Each of the six general areas of the church that the area seventies are called to serve in are broken down into smaller areas (the areas were mentioned above – Mexico North or Asia North, for example). Within each of these areas are a number of stakes. Stakes are the largest local unit within the church. Stakes are called stakes in reference to Isaiah 54:2, which reads, “Enlarge the place of thy tent, and let them stretch forth the curtains of thine habitations: spare not, lengthen thy cords, and strengthen thy stakes” (emphasis added). In each of the stakes within the church, there are a number of wards. Each ward typically has between 100 and 500 members but some can be a little smaller or larger. There are typically 7-9 wards in each stake. There are a couple caveats to this (i.e., districts and branches) but I’ll address those later.

The Organization of the LDS Church – Part 1

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There is no other church on earth like The Church of Jesus Christ of Latter-day Saints. Its organization and growth are inspired. Much of the organization of the church is built upon the following principle: “No man taketh this honour unto himself, but he that is called of God, as was Aaron” (Heb. 5:4). The LDS Church is largely run by a lay ministry. People do not vie for positions; most do not seek office. When a call is received, service begins. The LDS church is organized in such a manner that all have the opportunity in even a small way to play a role in the church. The church is run and directed by and through the priesthood of God. In this essay, I’ll provide an overview of how the LDS Church is organized.

I’ll start from the “top” and move down. Actually this is starting at the bottom – at the foundation – and moving up, but we more commonly think of it as top-down. The Savior Jesus Christ is the head of the LDS Church. It is His church and is a restoration of the church He established in ancient days. The Savior chooses one man to act as His prophet – to preside over and to lead the church on earth. The current prophet is Thomas S. Monson, who is the most senior apostle and is ordained as a prophet, seer, and revelator. He is the only one authorized to speak definitively for the whole church and to establish church doctrine. He can delegate this authority in specific circumstances but generally does not. The prophet is the presiding priesthood holder on the earth. He holds all of the keys of the kingdom, meaning that he has the authority and responsibility to direct the church as inspired. The prophet has two counselors (although there could be more) who as a whole constitute the First Presidency of the LDS Church. The First Presidency together also hold all the keys of administration of the church. They constitute the highest governing body of the church and serve in a small way as a type for the Godhead – the Father, Son, and Holy Ghost (in other words, there are three people in the First Presidency in part to mirror the three personages in the Godhead).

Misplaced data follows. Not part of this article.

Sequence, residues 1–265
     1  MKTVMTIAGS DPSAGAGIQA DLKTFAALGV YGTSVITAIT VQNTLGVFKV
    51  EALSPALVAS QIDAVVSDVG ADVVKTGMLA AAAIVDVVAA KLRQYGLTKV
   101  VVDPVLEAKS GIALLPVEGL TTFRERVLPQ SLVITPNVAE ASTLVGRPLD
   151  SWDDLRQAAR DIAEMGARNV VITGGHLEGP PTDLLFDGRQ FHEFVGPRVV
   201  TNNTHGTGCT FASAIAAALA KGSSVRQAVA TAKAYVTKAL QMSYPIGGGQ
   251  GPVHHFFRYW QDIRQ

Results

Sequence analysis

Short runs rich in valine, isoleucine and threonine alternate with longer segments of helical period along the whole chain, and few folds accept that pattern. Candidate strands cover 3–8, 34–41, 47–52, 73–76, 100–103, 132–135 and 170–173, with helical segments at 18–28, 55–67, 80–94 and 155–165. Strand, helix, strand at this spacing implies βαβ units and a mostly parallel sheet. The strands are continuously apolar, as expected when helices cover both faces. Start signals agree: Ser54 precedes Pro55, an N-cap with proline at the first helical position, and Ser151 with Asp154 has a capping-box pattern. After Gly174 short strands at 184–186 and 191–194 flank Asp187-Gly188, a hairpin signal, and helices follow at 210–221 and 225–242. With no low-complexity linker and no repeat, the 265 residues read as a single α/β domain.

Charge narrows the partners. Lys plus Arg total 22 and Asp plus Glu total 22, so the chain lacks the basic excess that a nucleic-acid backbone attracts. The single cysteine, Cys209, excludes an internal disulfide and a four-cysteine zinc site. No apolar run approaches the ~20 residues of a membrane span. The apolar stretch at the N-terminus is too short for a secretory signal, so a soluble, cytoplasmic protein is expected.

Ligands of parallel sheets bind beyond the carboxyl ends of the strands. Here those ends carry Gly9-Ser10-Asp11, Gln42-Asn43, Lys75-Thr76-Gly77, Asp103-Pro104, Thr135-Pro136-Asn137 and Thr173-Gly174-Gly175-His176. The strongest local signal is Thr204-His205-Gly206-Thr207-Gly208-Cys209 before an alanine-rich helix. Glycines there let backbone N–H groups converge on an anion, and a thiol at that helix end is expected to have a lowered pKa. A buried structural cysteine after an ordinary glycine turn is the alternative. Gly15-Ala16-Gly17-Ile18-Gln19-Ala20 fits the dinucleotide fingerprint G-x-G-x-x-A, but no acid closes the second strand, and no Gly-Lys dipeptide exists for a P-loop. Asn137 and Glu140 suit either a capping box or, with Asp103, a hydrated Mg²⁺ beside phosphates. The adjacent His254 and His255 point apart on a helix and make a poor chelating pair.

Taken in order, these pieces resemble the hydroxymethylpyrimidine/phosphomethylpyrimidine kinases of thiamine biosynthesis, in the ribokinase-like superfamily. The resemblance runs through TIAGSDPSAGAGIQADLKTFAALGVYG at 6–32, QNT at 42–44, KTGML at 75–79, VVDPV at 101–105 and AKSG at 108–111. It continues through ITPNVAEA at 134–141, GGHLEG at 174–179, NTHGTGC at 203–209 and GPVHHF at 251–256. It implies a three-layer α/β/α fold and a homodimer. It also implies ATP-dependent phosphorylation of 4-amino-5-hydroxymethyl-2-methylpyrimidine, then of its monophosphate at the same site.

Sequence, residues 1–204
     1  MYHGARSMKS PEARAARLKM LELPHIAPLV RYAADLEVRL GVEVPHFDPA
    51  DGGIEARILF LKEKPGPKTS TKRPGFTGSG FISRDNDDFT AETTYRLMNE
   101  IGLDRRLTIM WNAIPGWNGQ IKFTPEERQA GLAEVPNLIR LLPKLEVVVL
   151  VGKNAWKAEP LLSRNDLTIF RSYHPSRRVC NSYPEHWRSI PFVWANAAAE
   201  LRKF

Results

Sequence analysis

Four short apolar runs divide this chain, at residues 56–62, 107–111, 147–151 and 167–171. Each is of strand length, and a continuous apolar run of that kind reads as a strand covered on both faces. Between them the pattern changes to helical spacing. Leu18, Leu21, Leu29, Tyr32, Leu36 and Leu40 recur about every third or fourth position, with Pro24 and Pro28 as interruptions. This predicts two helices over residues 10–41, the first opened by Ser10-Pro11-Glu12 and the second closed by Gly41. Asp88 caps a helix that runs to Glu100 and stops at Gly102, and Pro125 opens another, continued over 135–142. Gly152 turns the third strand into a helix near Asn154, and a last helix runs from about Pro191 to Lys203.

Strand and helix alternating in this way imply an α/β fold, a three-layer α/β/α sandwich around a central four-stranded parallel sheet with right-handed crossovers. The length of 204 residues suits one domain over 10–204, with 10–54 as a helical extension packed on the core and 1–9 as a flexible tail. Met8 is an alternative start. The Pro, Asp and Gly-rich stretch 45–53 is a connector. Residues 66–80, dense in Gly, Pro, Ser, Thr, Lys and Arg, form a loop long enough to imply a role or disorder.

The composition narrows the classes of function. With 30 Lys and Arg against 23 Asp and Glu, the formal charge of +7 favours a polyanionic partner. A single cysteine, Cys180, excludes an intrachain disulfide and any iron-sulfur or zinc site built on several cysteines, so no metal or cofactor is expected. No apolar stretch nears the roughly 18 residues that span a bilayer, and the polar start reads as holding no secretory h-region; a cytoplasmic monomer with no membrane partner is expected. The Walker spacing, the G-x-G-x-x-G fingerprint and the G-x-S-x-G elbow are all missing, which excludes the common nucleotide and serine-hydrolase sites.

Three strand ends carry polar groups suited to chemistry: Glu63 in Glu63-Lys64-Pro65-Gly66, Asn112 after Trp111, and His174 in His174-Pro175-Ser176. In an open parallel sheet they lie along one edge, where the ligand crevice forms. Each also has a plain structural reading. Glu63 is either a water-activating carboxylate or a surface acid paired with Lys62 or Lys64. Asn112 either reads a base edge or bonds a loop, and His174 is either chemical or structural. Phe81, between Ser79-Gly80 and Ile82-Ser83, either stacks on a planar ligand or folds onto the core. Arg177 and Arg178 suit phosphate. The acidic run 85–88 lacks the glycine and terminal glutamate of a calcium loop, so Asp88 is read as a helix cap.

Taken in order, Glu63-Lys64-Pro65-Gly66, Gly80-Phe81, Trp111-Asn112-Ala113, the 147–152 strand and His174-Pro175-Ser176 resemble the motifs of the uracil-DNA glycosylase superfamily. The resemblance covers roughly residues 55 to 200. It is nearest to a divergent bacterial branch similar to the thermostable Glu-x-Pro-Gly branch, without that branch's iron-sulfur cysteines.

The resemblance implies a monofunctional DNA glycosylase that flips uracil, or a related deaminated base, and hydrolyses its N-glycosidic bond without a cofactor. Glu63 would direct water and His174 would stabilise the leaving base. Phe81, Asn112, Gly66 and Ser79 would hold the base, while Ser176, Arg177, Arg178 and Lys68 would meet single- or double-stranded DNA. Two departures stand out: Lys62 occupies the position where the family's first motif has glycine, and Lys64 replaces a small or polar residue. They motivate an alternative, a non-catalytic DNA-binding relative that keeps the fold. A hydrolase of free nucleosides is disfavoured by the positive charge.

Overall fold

The members of the First Presidency are all prophets, seers, and revelators in addition to being ordained as apostles. While they are currently called from the Quorum of the Twelve Apostles, their roles are separate from the Quorum of the Twelve while they are in the First Presidency. Upon the death of the prophet, the First Presidency is automatically dissolved and the counselors return to their place in the Quorum of the Twelve.

The Quorum of the Twelve consists of twelve men who are ordained as apostles of the Lord Jesus Christ and who are sustained as prophets, seers, and revelators. They are all special witnesses of the Lord Jesus with a special call to bear witness of Him unto all the world. They also serve as the main, under the direction of the First Presidency, administrative body of the church. One man is called as president of the Quorum (with another called as acting president should the president of the Twelve be called as a counselor in the First Presidency). The Twelve, along with the First Presidency, fulfill different assignments throughout the world, including dedicating new temples, meeting with church members, meeting with world, religious, and civic leaders, meeting with the media, and so forth. Each also serve on various committees pertaining to different aspects of church administrations, such as missionary work or education. The Twelve each individually hold all the keys of the priesthood but are not individually or collectively authorized to use those keys except as following the death of the prophet; in that instance, they can only use their keys collectively. The members of the Quorum of the Twelve are “ranked” according to seniority based on how long they’ve been a member of the quorum. The most senior apostle, following the death of the prophet, is shortly sustained as the new prophet and president of the church. There is no jostling for position or asking of questions about who will be called. The new prophet then calls two counselors. Any voids left in the Quorum of the Twelve are then subsequently filled with the callings and sustainings of new apostles.